I just spent 2 hours in a pediatrics clinic while getting my immunization reports updated. Our family doctor also happens to be a famous pediatrician, and since I had barged in without prior appointment, I was asked to wait or come back in 2 hours. I should have gone home and come back, but I decided to wait and observe the babies for a while. I did not have anything pressing to take care of at home anyway.
Babies are not little adults. They have a mind of their own. They communicate and negotiate even with their little and almost non-decipherable vocabulary.
The baby personality
There were real babies. Those who are a month or two old. Some looked so tiny that it seemed they hadn’t even hatched properly. Eyes closed, toothless smiles, little fists, they are a delight to watch. I observed one had a little finger even tinier than my nail. One had an entire hand the length of my palm. And to think I was of that size too someday.
The adult-baby personality
Some babies had accompanied their little siblings who were getting shots. These are the caring and curious kinds who touch their sleeping brothers a little on the cheek to see how the baby responds. A little fellow, a heavy chocolate addict as obvious from his missing dentition, derived great pleasure tickling the feet of the little one when the mother wasn’t looking. They were like adult-babies, still babies because of their age, but very adult-like in behavior.
The throwing-the-tantrum or the negotiator kind
These babies had negotiated with their parents, that a visit to the doctor is going to cost them perhaps the doctor’s fees and 2 chocolate bars, a coloring book, or a toy extra. The shopkeeper had strategically placed all the toys and chocolates and other goodies that attract attention near the counter where you paid, so that one could not avoid that particular place by choice. I actually saw a baby promptly wiping her tears after the visit to the doctor and negotiating with the parents, “Okay, now buy me toys and chocolates".
These kids freaked out at the sight of the clinic even without being so much as touched by the doctor. They perhaps feared an injection, the smell of the clinic, or the way the doctor looked, for even before they were touched or examined, they started to howl out of fear. Of course taking them to the area where these chocolates and coloring goodies were located calmed them down temporarily and helped the clinic get back its sanity.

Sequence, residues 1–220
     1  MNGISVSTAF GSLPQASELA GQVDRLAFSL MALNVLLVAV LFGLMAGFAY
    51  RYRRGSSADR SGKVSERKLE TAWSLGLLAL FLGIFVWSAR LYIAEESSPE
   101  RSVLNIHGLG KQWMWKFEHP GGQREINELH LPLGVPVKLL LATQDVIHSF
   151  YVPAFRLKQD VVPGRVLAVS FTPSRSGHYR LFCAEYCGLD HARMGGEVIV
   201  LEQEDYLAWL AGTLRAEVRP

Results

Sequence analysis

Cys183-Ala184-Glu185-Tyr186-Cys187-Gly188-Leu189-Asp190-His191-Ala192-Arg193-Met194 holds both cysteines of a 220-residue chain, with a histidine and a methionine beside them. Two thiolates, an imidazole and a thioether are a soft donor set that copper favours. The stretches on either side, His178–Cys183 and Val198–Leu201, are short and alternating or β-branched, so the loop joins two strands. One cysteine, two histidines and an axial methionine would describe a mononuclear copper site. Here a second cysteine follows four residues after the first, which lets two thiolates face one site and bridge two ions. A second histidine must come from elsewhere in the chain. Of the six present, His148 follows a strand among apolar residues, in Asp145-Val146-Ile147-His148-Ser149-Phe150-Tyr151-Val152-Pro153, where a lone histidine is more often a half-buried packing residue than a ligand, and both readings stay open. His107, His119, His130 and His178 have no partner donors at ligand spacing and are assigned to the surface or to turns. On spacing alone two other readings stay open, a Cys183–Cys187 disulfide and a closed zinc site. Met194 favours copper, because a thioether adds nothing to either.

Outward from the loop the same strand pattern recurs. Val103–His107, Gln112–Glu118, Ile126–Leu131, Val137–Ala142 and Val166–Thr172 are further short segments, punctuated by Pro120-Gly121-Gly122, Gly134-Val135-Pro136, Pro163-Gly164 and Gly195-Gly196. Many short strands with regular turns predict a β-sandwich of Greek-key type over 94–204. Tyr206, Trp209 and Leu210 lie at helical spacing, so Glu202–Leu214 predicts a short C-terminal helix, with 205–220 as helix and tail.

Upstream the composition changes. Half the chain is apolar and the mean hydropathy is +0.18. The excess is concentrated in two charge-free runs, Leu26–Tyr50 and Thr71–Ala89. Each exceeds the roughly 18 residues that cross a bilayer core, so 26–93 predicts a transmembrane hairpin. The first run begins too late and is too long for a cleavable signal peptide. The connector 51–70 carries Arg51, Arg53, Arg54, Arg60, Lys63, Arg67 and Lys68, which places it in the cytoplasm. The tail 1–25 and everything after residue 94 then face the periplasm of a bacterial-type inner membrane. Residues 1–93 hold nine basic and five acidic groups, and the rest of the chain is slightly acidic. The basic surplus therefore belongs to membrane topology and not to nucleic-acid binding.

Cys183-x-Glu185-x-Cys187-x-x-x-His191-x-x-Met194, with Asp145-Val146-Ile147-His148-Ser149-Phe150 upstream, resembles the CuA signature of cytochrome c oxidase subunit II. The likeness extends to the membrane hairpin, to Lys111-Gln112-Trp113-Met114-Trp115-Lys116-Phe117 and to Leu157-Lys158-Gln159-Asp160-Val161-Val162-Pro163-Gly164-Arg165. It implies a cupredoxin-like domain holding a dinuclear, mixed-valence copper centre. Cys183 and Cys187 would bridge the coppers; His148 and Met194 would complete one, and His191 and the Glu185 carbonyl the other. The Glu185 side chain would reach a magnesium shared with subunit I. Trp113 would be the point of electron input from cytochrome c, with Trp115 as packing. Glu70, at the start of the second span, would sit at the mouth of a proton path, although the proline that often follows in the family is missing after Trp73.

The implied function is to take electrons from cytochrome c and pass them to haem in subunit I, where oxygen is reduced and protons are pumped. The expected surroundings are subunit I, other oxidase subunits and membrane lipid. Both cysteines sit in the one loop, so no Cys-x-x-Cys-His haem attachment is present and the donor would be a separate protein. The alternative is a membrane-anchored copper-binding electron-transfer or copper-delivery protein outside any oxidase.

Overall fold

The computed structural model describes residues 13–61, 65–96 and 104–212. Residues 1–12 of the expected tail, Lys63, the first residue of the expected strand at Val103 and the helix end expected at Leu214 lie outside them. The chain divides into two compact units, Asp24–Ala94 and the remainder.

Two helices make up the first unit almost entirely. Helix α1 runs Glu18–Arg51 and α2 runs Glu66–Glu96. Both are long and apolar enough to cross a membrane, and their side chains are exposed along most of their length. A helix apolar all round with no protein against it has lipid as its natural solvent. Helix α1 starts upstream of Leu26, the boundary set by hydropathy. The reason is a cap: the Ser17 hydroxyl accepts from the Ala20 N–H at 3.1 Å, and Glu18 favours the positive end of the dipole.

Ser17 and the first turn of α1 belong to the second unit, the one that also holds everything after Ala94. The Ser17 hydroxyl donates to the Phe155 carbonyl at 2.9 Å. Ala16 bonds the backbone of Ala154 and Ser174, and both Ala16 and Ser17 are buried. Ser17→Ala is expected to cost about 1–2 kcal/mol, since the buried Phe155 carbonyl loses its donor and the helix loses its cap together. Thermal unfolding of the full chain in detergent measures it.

The friendly/gregarious kind.
These babies are great friends to make. They smile, run around, make friends with other babies, talk to random strangers as if they are family, refer to other babies as “little brother” and “little sister”, and ask questions instead of sulking in a corner and crying out of fear. One such cute little fatso, wearing a sleeveless shirt, went up to all the babies and touched them with fondness. This fellow came back to me, looked at me, and said, “Doctor will give you an injection”. Not knowing why a friendly chap would smile and try to tell me scary things, I replied, “But the doctor is already behind you with an injection”. The boy panicked for a bit, turning back, only to realize he was made a fool of. Regaining his composure and refusing to be verbally defeated by someone 4 times his size, he looks back at me with a very unperturbed and a suspense-filled expression, telling me, “Wait till the fishes in the oceans attack you and bite off your cheek”. As I feign fear, the boy chuckles at his verbal victory, bids all the other kids a goodbye and leaves the clinic, animatedly chatting with his mother.
After watching 20 babies or so, the doctor finally signed my immunization papers. In the meantime, I spent a fun-filled 2 hours watching these little ones, each having a completely different personality than the other.